The employee agency may augment training. Columbia, for example, boasts six weeks of standardized training resulting in multiple national certifications including Emergency Medical Dispatch, or EMD (http://www.columbiasc.net/911/about-911/training). EMD prepares a telecommunicator to give potentially life-saving pre-arrival instructions.
Some telecommunicators are given additional training in preparation for tactical dispatch.
There are many roles related to 911 and emergency communications. Dispatchers may be hired by hospitals and medical centers as well as by public safety agencies. In these instances, knowledge of medical terminology is a plus. So is related experience. In fact, the latter may be required.
South Carolina code makes public safety agencies responsible for more than just answering calls and dispatching services (http://www.scstatehouse.gov/code/t23c047.php). They need to have written agreements with other agencies that might have concurrent jurisdiction. They need to make the public aware of 911 and what constitutes an emergency.
PSAPs have their own unique internal training programs and public education programs. One of Pickens County’s projects, for example, is offering 911 education to 2nd graders (http://www.co.pickens.sc.us/e911/default.aspx); a goal is to make both 1st and 2nd graders 911-savvy.
Communications centers also set technological goals. One of Horry County’s project is incorporating Automatic Vehicle Locators, or AVL (http://www.horrycounty.org/Departments/E911.aspx).
Higher education can be an asset. Emergency communications professionals may find that a combination of experience and relatively short trainings is adequate to attain the skills needed for lower level supervisory positions. At the higher levels, though, a degree is often expected. The degree can also offer a more versatile skill set with broader application.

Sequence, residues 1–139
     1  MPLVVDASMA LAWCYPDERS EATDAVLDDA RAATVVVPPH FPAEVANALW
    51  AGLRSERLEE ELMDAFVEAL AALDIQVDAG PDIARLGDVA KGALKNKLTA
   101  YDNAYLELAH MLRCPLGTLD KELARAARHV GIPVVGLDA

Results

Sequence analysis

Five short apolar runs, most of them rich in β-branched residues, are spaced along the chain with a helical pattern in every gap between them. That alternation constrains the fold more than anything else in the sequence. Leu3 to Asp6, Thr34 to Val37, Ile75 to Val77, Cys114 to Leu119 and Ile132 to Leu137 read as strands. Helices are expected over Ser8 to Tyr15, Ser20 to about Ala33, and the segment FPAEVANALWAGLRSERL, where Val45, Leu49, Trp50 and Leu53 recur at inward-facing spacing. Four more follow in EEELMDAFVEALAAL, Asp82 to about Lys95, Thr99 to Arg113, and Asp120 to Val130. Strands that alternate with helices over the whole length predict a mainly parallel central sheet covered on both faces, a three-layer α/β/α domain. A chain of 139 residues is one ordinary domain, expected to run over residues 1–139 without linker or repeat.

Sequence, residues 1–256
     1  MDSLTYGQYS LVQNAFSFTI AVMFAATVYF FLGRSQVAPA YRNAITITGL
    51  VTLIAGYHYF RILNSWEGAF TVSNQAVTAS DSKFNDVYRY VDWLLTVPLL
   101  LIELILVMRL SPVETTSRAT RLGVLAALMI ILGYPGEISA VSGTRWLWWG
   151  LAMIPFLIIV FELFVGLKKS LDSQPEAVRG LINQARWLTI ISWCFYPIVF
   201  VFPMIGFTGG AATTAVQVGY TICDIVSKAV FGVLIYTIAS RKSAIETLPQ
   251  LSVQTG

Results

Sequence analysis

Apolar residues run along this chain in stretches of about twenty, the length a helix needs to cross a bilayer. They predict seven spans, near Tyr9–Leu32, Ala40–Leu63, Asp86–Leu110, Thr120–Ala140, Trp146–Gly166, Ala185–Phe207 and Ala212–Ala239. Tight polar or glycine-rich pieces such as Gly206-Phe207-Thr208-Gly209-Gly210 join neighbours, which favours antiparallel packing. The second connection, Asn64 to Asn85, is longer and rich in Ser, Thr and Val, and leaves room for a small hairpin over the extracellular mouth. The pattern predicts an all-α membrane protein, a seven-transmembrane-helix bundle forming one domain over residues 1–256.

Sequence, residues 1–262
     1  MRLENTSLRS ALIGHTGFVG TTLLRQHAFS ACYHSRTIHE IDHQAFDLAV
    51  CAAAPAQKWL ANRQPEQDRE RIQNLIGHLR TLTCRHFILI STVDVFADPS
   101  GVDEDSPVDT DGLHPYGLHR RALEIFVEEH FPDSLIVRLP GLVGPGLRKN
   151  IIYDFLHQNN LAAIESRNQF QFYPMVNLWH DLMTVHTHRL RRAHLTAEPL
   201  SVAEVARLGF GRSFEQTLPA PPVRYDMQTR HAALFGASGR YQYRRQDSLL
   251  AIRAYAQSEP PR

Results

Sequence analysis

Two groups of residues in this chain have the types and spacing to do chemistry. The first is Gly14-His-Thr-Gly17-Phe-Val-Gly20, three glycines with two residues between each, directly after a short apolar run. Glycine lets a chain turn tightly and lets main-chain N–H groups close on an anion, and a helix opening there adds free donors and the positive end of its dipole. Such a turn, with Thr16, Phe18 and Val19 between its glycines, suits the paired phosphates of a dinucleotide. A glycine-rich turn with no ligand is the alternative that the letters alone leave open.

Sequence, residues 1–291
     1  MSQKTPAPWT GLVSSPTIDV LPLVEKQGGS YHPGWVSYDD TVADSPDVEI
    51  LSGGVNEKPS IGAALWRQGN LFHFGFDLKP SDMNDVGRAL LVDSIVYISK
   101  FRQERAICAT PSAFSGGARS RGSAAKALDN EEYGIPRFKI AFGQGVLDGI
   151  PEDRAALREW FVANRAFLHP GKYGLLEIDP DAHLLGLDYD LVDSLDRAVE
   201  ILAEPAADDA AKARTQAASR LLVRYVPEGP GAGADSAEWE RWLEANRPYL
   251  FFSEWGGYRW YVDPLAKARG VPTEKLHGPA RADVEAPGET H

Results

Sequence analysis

Degrees such as emergency management, public administration, and business administration are applicable to high level administrative and managerial positions in the emergency communications field as well as to related roles in public safety and emergency management. An example of a related position would be Emergency Preparedness Coordinator. An EP Coordinator I hired by the state is expected to have both a bachelor’s degree and related job experience (http://app.ohr.sc.gov/OHR/OHR-class-details.phtm?Code=JE10).
Technically skilled 911 dispatchers may be interested in positions such as E-911 technical specialist. They may be interested in membership in the National Emergency Numbers Association even at the early stages of their careers.
Information about telecommunicator training is available from the South Carolina Criminal Justice Academy (http://www.sccja.sc.gov/BTOT.html). The Registration Unit can be reached by telephone at (803) 896-7836.
State professional organizations include the South Carolina Chapter of the National Emergency Numbers Association (http://www.scnena.org/) and the South Carolina Chapter of the Association of Public-Safety Communications Officials, or APCO International (http://scapco.net). The two organizations jointly host an annual conference.